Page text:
Another device that police have is called a “Stingray.” This thing is the size of a suitcase and can emulate a cellphone tower. It tricks all cellphones in reception range to connect to it. (Your cellphone is always “looking” for a cell tower unless you put it in “Airplane” mode.) All the cops need to do is put the Stingray in the trunk of a car and drive into a neighborhood. They will know what the “bad guys” are doing…who they’re calling…and who’s calling them. And they’re probably listening in.

Details of the Stingray and how it works are understandably sketchy. The manufacturer says nothing…refers all inquiries to the law enforcement agencies that operate the device…the same law enforcement agencies that had to sign a confidentiality agreement just to purchase it.

Of course, the police have long had the ability to track you through the GPS feature of your cellphone. As long as it’s in your possession the government can know your whereabouts. It is still unclear whether “they” can track you even if the cellphone is turned off. Also, one federal agent I spoke with said “they” had the ability to turn your cellphone on and off at will. Whether that’s true or not, I don’t know.

This technology and these abilities trickle down from the federal government, who use and implement them to fight “The War On Terror!” And of course, when fighting TERROR! anything goes. Remember, the American people willingly, gleefully give up their rights when the government says it’s doing something in the interest of their safety and security. …What was it Ben Franklin said about that?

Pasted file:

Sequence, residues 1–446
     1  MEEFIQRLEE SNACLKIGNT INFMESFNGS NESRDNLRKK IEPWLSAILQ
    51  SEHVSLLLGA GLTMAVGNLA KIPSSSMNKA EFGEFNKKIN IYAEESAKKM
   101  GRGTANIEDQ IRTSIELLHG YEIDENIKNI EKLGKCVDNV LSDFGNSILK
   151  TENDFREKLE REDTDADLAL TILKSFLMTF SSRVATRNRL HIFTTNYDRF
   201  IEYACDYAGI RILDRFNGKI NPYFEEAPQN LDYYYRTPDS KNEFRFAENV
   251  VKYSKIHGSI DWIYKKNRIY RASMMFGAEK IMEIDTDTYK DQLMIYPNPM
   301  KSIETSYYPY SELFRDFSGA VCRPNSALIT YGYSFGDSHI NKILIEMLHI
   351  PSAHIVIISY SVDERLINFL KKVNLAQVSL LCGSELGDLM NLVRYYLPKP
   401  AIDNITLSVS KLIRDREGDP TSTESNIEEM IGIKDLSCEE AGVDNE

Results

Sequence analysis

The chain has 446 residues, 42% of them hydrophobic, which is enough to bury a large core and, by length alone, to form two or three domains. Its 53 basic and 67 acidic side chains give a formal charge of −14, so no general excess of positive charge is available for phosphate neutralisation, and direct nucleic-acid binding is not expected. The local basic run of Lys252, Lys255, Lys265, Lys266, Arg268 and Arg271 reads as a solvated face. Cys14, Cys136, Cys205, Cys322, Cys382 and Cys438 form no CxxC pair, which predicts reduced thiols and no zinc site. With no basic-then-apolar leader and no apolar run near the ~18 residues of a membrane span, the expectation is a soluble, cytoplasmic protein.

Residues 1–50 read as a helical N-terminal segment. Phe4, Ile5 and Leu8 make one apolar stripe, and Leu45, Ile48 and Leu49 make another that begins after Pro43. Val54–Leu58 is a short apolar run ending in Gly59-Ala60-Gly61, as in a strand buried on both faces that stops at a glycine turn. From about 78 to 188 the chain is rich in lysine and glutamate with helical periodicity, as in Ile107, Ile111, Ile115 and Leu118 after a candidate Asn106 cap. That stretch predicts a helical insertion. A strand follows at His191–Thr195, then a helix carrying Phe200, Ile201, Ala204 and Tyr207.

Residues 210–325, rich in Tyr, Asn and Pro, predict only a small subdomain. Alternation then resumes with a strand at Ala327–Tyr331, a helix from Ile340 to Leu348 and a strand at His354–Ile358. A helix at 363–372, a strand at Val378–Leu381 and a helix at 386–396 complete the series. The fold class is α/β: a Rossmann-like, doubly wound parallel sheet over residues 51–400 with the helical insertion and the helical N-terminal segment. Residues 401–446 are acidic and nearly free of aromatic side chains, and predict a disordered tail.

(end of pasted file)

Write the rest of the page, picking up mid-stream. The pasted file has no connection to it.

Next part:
There are probably no practical solutions to the increasing invasion of our privacy. If you use the internet or own a cellphone you are being tracked in some way. You could, I suppose, never get on a computer and not ever keep a cellphone in your possession…but seriously, how could you get anything done in today’s world?

However, more and more things we carry casually and without thinking…credit cards and passports for instance…have chips in them that allow their use to be tracked – they’re called “RFID” or radio frequency identification chips. Mostly these are only readable at close ranges – for now. More and more cars have “transponders” in them that allow vehicle tracking. Some of these devices you’ll know about (e.g. Onstar services and the like)…and some you won’t.